Thursday, January 3, 2013

Broke Video Gamer: Hotline Miami Review

I took a break from immersion into dangerously addictive worlds of MMOs this week. However, I needed something else to take up my time (and talk about for my weekly review). A friend clued me into an indie title: Hotline Miami by Dennation Games. It was on sale on Steam for half price. Five bucks for a game normally selling for ten? Sold!

When the game first loaded, my initial impression was: Oh man, what year is it? The game teleported me to the 90s and I’m turning my Sega Genesis back on. It is a 2D top-down action game set in 1989. You play the role of a hitman sent on missions to clear out entire buildings. These missions are assigned via cryptic messages on your answering machine. Then, it gets weirder....

Click for the whole review.

I like the way the story is told. It is easy to perceive the game as a mindless, gory, all-out murder-fest; but there is more to it than that. The game features a disjointed and non-chronological storyline which unfolds as you complete each of your murderous tasks. While not entirely original in its premise, it keeps the player guessing and mostly in the dark. The tale is very surreal and you really have to pay attention to catch what’s going on because it doesn’t start to make sense until the very end. I experienced a very satisfying ‘Ahhh!’ moment as I realized the true nature of this rabbit hole.

The graphics are distinctly 16-bit and appropriately repetitive. It was a little tricky to re-acclimate myself to the “primitive” surroundings as I’ve gotten used to the ultra-realistic graphical surroundings of today. I’m not such a big fan of the free-flowing puddles of blood, but I can understand why such detail is added. It goes back to the days when a blood code was needed to properly play Mortal Kombat on the console. It might’ve been more appropriate and authentic if such a code existed for Hotline Miami. After getting over all of the gratuitous blood splatters, I saw a lot of detail in this game! While you can’t really interact with everything, it’s obvious how it’s not just all for window dressing: The story is being told not just by the cut scenes or dialogue, but also by the surrounding environment. It’s refreshing to find the plot of a video game not being spoon-fed down my esophagus.

The gameplay is quite violent. Guns, knives, katanas, bottles, baseball bats, pots full of boiling water, and a variety of firearms are at your disposal as you WASD your way around the board killing people and canines. Also available are unlockable themed animal masks. What? You can’t walk into a joint, guns blazing, without a mask on. No, not even if you leave no witnesses. These masks grant your psychopath certain abilities that affect the dynamics of how a level is played. One mask will enable you to kill someone by slamming the door open on them (instead of just knocking them down). Another might grant more ammunition, start the stage off with a weapon in your hands, or bestow killing fists of steel.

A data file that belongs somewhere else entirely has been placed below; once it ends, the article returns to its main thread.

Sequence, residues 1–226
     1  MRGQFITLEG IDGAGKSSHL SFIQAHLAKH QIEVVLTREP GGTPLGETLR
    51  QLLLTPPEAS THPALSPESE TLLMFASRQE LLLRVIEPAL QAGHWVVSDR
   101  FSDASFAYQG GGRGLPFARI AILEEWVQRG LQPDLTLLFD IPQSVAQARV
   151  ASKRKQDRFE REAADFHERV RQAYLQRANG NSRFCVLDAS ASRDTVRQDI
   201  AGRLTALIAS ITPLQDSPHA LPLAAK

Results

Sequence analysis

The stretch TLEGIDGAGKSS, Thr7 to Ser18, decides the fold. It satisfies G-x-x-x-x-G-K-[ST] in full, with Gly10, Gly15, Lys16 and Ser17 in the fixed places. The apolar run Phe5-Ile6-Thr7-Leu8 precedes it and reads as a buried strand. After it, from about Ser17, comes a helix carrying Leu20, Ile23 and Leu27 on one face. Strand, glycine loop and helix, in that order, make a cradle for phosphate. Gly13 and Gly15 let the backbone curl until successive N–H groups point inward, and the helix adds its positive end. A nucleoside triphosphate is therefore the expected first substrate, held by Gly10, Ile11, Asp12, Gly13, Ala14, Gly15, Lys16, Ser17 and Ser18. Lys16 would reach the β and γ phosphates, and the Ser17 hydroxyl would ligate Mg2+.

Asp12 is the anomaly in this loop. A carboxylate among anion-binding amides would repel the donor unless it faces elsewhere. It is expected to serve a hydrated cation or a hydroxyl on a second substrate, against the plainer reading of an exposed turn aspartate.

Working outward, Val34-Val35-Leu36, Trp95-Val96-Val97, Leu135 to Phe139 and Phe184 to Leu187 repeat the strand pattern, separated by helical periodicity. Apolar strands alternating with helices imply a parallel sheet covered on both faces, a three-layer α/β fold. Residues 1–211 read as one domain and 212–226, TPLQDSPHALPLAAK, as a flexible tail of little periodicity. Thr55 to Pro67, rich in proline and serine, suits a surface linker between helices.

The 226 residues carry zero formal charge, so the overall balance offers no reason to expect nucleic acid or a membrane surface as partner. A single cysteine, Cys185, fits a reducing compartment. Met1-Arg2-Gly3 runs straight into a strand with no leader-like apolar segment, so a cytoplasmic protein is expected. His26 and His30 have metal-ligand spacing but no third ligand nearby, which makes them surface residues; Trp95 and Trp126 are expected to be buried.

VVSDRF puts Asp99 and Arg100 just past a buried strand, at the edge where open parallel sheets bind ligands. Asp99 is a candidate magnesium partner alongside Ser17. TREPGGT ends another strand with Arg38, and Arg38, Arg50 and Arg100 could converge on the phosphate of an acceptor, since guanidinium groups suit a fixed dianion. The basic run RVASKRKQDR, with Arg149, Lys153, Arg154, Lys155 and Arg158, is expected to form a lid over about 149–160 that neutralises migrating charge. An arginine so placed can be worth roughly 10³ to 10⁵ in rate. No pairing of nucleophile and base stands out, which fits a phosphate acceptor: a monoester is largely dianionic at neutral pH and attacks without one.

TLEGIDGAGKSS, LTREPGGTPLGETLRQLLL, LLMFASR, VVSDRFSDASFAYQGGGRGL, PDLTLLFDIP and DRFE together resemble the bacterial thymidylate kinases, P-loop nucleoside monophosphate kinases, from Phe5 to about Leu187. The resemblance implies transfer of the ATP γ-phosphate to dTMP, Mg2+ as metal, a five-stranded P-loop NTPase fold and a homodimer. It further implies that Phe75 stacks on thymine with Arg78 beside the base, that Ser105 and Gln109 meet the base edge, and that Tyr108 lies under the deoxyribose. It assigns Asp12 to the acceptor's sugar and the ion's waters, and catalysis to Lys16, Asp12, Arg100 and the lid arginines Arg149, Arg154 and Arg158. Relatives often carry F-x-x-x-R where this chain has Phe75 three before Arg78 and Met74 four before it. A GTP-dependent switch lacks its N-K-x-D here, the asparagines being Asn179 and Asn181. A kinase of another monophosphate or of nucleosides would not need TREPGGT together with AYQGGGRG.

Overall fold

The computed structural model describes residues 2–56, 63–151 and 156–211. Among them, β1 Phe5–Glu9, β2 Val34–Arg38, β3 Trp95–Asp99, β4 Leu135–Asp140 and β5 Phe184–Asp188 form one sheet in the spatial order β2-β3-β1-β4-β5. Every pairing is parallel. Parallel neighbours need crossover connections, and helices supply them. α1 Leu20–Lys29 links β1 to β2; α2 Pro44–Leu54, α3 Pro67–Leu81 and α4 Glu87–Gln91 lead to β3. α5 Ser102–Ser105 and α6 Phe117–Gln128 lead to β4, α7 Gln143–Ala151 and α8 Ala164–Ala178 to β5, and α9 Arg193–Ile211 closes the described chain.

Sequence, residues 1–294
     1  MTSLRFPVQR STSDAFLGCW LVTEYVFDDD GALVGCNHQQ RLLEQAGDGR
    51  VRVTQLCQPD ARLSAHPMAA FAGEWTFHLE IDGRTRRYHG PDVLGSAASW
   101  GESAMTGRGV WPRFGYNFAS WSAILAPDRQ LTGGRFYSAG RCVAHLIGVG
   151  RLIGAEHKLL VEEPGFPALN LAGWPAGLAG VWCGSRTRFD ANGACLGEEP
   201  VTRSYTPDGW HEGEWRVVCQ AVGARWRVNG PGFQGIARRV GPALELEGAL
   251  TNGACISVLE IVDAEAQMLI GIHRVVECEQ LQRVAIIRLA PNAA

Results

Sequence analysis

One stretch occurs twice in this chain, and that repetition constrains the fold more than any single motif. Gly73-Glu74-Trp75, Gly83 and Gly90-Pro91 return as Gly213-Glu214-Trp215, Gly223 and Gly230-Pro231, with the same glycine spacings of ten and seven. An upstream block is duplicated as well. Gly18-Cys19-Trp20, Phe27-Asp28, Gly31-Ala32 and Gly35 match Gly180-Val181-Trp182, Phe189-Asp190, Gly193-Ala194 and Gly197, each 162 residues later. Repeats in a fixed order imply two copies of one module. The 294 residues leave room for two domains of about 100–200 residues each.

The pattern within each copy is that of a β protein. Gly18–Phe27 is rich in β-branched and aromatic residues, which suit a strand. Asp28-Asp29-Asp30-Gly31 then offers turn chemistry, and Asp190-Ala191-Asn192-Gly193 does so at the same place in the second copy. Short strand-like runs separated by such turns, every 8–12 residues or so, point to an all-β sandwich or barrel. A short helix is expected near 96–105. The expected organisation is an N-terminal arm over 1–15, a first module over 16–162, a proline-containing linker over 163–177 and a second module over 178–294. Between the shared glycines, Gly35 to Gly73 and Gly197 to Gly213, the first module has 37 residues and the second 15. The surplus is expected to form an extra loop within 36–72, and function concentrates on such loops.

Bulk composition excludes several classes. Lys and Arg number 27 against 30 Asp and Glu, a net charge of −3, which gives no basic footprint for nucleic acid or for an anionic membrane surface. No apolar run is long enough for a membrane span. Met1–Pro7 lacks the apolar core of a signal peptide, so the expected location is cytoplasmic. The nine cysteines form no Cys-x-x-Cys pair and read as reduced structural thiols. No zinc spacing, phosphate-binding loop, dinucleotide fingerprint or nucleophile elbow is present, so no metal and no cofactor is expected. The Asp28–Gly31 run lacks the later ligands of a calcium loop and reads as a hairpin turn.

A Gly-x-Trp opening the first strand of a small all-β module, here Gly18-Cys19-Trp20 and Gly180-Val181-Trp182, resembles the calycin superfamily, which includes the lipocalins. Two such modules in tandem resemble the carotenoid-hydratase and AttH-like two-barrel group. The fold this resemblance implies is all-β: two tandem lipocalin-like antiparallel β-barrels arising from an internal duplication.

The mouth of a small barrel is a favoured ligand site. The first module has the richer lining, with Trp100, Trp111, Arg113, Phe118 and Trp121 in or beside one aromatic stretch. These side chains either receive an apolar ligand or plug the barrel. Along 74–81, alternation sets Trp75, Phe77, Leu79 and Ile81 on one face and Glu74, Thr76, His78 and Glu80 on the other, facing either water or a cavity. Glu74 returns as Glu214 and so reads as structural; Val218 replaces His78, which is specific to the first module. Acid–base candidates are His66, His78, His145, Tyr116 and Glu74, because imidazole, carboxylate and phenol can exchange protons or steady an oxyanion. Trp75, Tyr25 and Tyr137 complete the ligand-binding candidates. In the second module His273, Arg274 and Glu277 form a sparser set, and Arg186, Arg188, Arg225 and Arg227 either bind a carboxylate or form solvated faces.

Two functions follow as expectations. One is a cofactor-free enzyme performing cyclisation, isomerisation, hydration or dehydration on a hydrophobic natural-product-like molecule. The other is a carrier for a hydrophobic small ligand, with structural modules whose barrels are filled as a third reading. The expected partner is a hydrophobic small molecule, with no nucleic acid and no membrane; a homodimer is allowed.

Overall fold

The way the AI moves is reminiscent of similar games from back in the day. It’s really really bad. The bad guys’ actions and tendencies are wholly inconsistent. You never know if the dude with the shotgun is going to turn around and shoot you. Gunshots can alert goons to your location, but sometimes they don’t even respond to the sound of a fully automatic assault rifle emptying its clip. You could be just behind the door firing away and they wouldn’t even bat an eyelash! Alternatively, a single shot can awaken the entire map and they start rushing you. It’s best to be prepared before you start shooting at things. This results in gameplay that isn’t quite the same every time, even between deaths (you’ll be experiencing a lot of dying and hitting that ‘R’ key for restarts). I found this aspect charming. I wasn’t expecting for the bad AI to keep me on my toes, but it did. While at times this can be frustrating, the overall gaming experience was fun.      

My favorite part of this game is the music. The 16-bit-sounding tunes made me nostalgic for the earlier days of console gaming. The tracks would get stuck in my head for hours. I’d whistle it annoyingly while working. I’m whistling it right now. I’m probably whistling it while you’re reading this. It’s repetitive and it drills right into my brainmeats, compelling me to play the game some more. The soundtrack is available for download here. Oh god...make it stop.

The sights and sounds of Hotline Miami bring pangs of nostalgia for retro gaming fans such as myself. I thought all I was supposed to do was turn entire venues into bloodbaths, so the not-so-simplistic and non-linear storytelling came as a wonderful surprise. And while playing it seemed like putting a totally sweet gaming rig to waste, this game is cash well spent. Purchasing it brings not-so-mindless fun while supporting an indie game developer. So go ahead and spend the cash!

No comments:

Post a Comment